There’s a chill in the air and it’s a bit blustery but the sky is a brilliant September blue. Uplifting, encouraging and inspiring. Somehow it is this time of year that seems to be the best time to think about plans for the garden. I’ve been tidying up this week: courgettes culled and tomatoes collected in for ripening – the missing door on the greenhouse has pushed me into action a little earlier than usual. There has been just about enough rain to soak down a few more centimetres and encourage more flowers but the garden is still on the dry side. Here’s six for this week.
Whilst dahlias are the order of the day for this time of year, here it is the roses that are putting on a show. This one is a climber, one of the David Austin English roses, James Galway.
And nearby another David Austin rose, Natasha Richardson. In previous years these roses have pushed on well into November.
Another stalwart of late summer is salvia ‘Amistad’. I hope you will accept this slightly abstract version of the flower, the best of several blustery shots. This has been in flower for some time but it seems at its best in the autumn months, again lasting through until the frosts.
This fuchsia is another late summer bloomer. An unknown variety, this one overwinters well but of course has gall mite. I nip off the affected parts and it battles on.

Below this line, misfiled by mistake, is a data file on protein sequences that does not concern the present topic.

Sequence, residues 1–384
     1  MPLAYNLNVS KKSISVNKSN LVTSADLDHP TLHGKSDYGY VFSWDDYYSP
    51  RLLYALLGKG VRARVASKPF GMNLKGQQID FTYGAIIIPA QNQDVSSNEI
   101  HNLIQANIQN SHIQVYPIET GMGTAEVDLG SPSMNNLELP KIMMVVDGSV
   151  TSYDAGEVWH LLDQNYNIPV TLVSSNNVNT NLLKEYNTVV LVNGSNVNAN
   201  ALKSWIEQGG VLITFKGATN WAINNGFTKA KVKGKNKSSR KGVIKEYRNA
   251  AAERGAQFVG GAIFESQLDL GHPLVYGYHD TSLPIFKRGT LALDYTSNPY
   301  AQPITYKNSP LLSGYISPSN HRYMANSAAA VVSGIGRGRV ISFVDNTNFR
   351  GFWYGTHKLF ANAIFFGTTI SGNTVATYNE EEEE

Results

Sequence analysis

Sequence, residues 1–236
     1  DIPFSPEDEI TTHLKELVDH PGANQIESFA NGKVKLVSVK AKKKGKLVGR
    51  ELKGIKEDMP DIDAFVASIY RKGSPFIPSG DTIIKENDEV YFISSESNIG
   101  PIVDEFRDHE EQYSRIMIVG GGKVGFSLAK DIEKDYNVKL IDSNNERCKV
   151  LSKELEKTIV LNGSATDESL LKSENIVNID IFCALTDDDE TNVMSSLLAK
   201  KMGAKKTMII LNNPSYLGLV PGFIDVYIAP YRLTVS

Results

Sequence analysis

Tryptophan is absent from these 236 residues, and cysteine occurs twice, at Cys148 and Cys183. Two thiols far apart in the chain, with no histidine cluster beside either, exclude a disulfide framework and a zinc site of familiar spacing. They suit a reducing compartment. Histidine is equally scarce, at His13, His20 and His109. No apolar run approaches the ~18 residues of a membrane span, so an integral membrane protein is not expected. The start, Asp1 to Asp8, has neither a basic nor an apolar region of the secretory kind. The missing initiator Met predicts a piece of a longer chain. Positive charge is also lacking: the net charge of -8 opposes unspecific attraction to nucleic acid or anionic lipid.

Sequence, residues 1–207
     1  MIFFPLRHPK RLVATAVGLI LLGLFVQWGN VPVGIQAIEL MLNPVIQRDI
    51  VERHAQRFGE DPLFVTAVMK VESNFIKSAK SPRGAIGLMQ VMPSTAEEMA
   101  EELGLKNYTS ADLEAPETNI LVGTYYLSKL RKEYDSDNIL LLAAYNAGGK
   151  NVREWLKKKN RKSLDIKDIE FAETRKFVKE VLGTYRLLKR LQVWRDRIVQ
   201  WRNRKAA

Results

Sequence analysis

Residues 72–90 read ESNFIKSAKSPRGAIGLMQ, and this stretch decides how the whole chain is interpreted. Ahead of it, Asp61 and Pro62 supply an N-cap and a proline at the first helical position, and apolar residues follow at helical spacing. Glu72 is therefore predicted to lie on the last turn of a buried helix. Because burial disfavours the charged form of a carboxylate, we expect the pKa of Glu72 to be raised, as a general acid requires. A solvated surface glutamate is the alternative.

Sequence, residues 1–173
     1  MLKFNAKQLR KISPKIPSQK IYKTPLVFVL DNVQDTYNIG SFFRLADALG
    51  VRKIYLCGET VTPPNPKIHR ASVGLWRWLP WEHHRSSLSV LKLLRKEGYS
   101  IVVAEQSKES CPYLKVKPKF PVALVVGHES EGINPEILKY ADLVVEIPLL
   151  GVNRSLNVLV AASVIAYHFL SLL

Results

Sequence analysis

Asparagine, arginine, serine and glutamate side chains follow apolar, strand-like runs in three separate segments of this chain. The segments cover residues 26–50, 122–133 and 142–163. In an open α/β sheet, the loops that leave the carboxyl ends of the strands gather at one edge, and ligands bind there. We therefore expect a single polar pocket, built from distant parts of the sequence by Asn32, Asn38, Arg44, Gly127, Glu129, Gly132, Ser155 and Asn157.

The anemones that suffered so much in the summer heat have proved resilient and ‘September Charm’ that was flowering at the end of July suddenly looks much happier in the cooler temperatures.
This hardy geranium is enjoying a second flowering. Lovely crinkly papery pink flowers of the bloody cranesbill, geranium sanguineum var. striatum, such a severe name for so delicate a bloom.
I’m thinking about a new greenhouse, there is a new rose to order and I have a new shrub to plant out. I’m going to sow green manure seeds on the veg patch and I have a tray of echinacea ‘White Swan’ that have been grown from seed. They have grown on well over the summer and the root system looks strong enough to cope with planting out in the big wide garden. Much to be getting on with then. Please take a look at other SOS posts as tended by The Propagator. And of course, enjoy your gardening.